On a seven mile route between a distribution center and a Walmart store in Arkansas, the retail giant is now operating autonomous trucks without a safety driver behind the wheel.
Two autonomous box trucks, provided by Gatik, an autonomous vehicle startup that focuses on logistics for the retail industry, haul customers orders from a Walmart distribution center that fulfills online orders to a retail store in Bentonville, Arkansas, where the retail company is headquartered. The goal of the fully driverless vehicles is to increase speed and responsiveness when carrying out e-commerce orders, according to a Walmart report on the project.
The program began in December after Walmart and Gatik received approval from the Arkansas State Highway Commission. The trucks were fully autonomous by August, completing delivery runs multiple times every day.
Walmart’s latest announcement comes amid an ongoing driver shortage both in the US and globally. Robots and automation fulfilling delivery could help resolve the labor problem for companies struggling to hire and retain workers while meeting increased customer demand.
Ongoing global driver shortage
Drivers have been in short supply for years, but that has been exacerbated during the pandemic, as shoppers ordered more stuff online. The industry is short of 80,000 drivers in the US and could increase with drivers turning to retirement, according to a report released last month by the American Trucking Associations. Part of the issue is retention, where drivers are leaving the industry for better pay and working conditions elsewhere.
Meanwhile, in the UK, the long-running shortage of truck drivers, who face low pay and difficult working conditions, has been accelerated by a post-Brexit exodus of European Union workers as well as a backlog of driving tests in Britain.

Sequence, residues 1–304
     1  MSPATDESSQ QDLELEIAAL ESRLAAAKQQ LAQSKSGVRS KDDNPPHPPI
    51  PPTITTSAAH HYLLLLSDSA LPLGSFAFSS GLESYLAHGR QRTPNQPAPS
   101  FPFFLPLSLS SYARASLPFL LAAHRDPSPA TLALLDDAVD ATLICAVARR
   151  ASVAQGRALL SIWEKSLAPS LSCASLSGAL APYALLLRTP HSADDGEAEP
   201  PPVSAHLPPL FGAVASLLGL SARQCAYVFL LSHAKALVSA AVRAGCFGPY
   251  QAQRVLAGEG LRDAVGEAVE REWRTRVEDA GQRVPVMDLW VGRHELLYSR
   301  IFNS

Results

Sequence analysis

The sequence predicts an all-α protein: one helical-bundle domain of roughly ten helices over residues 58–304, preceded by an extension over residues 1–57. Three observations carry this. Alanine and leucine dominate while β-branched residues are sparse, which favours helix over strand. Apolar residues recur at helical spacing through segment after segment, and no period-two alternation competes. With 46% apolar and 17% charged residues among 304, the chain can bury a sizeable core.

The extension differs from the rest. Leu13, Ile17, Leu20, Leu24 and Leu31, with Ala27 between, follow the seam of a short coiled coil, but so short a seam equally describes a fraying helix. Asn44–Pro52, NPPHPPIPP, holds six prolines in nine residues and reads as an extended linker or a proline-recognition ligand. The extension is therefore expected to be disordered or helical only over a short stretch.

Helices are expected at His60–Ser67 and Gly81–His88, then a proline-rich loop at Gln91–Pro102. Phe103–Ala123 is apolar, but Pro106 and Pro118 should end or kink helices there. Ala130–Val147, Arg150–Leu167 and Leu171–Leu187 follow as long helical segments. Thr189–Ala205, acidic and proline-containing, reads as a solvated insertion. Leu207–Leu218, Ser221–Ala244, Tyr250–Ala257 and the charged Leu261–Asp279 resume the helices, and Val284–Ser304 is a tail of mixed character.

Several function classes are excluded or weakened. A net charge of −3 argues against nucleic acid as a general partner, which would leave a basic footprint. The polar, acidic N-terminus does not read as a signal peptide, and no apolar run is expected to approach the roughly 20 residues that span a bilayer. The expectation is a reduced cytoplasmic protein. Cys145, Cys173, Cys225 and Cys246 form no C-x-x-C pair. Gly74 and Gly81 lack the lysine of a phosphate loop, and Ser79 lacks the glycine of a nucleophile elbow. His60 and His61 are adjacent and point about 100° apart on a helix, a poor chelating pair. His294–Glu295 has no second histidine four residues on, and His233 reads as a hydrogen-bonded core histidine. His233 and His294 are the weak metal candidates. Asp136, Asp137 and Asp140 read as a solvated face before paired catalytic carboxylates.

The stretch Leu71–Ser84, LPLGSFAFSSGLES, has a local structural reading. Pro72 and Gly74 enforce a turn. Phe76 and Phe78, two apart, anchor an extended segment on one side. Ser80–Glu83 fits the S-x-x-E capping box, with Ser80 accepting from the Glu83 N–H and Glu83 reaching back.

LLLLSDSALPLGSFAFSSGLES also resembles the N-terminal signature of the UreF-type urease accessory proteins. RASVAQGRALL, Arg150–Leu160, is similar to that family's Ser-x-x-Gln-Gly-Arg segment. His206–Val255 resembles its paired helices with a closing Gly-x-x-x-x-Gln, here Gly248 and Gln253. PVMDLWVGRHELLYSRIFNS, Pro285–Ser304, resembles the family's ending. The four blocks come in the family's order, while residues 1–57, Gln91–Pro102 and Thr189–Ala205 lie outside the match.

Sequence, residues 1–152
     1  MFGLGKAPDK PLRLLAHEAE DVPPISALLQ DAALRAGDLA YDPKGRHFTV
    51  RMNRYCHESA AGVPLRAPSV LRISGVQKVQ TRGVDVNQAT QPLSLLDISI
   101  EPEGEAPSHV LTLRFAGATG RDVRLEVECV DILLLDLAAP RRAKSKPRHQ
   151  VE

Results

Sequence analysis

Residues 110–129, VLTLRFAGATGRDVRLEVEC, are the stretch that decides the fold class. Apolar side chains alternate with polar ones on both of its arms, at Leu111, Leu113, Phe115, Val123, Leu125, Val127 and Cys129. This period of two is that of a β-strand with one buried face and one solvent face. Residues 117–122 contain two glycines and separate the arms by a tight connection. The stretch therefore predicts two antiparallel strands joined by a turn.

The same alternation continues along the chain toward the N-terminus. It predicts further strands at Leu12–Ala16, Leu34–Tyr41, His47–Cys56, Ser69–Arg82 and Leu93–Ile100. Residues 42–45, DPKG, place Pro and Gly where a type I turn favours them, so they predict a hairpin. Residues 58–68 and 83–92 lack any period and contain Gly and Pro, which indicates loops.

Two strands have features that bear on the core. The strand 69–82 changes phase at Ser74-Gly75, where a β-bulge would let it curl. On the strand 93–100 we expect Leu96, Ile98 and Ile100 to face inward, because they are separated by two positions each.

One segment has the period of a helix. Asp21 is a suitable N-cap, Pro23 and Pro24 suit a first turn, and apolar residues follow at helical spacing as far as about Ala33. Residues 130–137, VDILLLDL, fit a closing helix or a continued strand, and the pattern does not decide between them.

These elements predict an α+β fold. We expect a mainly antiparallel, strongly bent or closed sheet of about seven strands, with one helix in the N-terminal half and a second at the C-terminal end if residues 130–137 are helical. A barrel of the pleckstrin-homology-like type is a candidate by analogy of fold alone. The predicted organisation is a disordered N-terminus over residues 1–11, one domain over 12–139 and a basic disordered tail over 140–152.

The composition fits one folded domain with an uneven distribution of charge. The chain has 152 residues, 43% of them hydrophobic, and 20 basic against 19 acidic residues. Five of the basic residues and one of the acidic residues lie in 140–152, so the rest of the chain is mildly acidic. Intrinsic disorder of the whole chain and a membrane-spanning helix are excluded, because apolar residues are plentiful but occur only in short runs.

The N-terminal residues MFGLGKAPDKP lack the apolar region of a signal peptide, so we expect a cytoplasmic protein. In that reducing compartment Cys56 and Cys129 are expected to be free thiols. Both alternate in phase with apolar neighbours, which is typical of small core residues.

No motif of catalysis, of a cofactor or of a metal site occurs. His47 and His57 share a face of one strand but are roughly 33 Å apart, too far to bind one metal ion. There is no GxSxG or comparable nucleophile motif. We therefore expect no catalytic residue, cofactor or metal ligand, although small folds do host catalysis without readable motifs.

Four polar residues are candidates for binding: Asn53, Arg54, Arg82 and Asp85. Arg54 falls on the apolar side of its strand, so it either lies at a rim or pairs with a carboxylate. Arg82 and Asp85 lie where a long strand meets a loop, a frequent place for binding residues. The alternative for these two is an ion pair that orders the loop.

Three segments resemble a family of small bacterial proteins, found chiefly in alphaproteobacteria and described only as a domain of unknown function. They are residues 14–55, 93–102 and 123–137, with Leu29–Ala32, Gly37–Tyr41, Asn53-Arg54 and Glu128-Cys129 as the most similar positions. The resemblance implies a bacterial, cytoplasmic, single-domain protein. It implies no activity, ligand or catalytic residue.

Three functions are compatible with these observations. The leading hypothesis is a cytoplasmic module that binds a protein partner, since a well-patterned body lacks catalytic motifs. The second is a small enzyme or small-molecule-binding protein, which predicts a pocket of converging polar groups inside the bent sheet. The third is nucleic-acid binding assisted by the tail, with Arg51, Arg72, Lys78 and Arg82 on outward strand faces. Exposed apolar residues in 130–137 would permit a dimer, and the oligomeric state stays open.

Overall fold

Driverless tech is here
Amid the struggle to find drivers—which does not appear to be resolving itself anytime soon—a slew of supermarkets are betting on robots for delivery and fulfillment.
During the pandemic, supermarkets have catered to the sudden demand for online delivery. But because these stores operate on narrow margins, delivery comes at a high cost. On top of that, wages in the leisure and hospitality sector have hit record highs, so robots could help do away with the need for as many workers.
Ocado, a British online grocer, said early October it is investing 10 million pounds ($13.6 million) in self-driving technology startup Wayve to pilot delivery vans and aims to expand the technology to the US. British supermarket chain Asada will also use Wayve’s technology to begin a 12-month trial of autonomous delivery vans in London in 2022. Meanwhile, Albertsons, a US grocery chain, in March began testing autonomous grocery delivery in northern California with remotely operated carts that can deliver up to 120 pounds of groceries to the customer’s door.
The investment in last-mile delivery began even before the pandemic. Since 2018, Kroger has partnered with Nuro, an autonomous vehicle delivery startup, to pilot autonomous delivery service in cities including Cincinnati and Houston.
Globally, spending on professional service robots rose 12% in 2020 to $6.7 billion, being concentrated in last-mile delivery and robots for warehousing, according to a recent report from International Federation of Robotics.